For those that have been following this series on Contemporary Composition, I premiered the song we’ve been constructing here at a concert on 9/24/12. The video of that performance is below. If this your first time visiting this site or series, please feel free to have a look around. If you go to the pull-down menu (categories) you can find our other posts.
In part 4 we will look at the overall form and creating contrasting sections. There are almost an infinite number of choices in deciding your overall form. Do you want an intro? AABA? ABA? ABAC? Intro-A-B-interlude? etc. For Back and Forth I wanted to keep it simple. I knew I had a 12-bar A-section. I personally like the AABA form because the melody gets repeated so the audience can remember the melody. This makes my B-section my contrasting section.
To create a contrasting section, you can go through the whole writing process (part 1-3) again or you can do something else. My A-section was already built with a non-traditional/non-functional way of writing. So I decided to make the B-section traditional/functional harmony. When I think of AABA forms…the most famous that comes to mind is the rhythm changes form. So I decided to make my B-section the equivalent of the rhythm changes B-section (Back and Forth is in Db, so that makes the first chord of the B-section an F7). I wont go into the “how-to” write B-sections of rhythm changes because they’re explained very well on other sites you can check out (here is pretty decent explanation on Wikipedia).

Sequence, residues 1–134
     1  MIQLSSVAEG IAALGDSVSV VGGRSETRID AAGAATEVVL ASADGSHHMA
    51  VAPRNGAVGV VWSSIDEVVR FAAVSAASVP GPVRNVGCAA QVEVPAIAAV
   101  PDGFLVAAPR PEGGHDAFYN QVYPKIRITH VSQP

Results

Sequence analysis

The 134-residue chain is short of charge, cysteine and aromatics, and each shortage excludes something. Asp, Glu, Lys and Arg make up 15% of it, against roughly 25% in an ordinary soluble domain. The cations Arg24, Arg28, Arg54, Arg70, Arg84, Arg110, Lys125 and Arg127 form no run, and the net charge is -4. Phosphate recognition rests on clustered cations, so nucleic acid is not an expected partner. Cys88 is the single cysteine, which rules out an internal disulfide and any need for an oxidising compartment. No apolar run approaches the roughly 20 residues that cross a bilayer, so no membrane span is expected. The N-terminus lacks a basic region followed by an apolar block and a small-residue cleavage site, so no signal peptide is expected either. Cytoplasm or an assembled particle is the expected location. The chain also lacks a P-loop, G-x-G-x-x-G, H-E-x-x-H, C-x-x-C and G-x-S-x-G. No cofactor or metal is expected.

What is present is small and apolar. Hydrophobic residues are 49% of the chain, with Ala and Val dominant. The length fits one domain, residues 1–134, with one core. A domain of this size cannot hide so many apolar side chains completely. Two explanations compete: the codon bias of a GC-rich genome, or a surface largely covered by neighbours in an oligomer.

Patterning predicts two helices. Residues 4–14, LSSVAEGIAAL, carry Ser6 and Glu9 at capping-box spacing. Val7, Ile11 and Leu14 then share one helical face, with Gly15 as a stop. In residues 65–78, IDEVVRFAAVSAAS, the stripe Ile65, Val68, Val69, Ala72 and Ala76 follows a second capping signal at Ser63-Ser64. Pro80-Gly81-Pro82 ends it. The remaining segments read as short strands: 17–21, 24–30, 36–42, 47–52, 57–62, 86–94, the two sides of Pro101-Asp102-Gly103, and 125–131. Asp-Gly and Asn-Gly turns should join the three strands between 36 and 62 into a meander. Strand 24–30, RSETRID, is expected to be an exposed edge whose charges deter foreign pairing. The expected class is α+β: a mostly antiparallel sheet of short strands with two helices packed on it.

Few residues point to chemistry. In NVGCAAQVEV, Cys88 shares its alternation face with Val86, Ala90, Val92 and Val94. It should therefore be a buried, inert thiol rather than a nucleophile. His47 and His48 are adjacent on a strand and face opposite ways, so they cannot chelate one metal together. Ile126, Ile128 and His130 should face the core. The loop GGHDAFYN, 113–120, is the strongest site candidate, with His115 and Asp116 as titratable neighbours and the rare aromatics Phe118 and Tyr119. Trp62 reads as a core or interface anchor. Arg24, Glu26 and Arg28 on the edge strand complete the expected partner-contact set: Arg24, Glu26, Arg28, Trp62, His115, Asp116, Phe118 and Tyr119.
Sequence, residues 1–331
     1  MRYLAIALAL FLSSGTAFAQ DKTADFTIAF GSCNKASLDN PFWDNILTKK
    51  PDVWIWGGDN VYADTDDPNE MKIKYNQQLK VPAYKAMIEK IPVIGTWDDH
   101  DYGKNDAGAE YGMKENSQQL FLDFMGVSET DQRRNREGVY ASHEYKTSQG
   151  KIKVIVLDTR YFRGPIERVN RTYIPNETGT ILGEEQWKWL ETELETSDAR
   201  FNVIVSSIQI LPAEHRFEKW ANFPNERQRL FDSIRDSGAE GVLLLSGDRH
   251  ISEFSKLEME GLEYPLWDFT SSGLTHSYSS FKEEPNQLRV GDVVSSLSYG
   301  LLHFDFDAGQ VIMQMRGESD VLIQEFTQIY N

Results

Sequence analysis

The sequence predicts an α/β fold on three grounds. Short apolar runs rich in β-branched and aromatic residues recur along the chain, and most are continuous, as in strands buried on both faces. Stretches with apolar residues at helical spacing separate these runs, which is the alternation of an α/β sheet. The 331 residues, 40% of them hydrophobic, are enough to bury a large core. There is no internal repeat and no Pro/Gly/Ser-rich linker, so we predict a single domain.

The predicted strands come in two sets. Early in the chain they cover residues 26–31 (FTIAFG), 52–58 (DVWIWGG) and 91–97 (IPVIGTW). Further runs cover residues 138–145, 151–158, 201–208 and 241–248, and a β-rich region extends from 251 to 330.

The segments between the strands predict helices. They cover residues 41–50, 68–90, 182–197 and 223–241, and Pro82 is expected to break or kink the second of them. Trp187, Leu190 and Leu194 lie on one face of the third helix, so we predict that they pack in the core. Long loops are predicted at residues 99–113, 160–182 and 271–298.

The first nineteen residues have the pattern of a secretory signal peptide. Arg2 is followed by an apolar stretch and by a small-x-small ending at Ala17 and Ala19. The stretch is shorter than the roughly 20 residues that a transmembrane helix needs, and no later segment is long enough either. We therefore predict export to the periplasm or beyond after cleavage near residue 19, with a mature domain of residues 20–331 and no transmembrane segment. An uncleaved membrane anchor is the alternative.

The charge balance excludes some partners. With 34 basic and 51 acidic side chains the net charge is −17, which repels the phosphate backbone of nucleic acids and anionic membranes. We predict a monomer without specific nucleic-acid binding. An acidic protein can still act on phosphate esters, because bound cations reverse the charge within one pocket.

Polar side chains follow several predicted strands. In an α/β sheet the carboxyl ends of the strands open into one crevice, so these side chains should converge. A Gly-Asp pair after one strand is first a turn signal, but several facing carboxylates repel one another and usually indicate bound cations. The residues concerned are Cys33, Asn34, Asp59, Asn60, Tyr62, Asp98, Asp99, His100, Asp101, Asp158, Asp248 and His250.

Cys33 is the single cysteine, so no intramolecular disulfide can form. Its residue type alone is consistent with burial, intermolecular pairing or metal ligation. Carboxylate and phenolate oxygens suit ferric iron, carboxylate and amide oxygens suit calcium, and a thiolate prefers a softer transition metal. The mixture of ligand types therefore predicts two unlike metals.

My B-section now looks like this: F7, Bb7, Eb7, Ab7.
In part 5 we will finish putting the chart together by tweaking chords and creating rhythmic hits. If you haven’t already, please be sure to check out my books (Breaking the Monotony and Targeting: Improvisation With Purpose) at my Digital Store.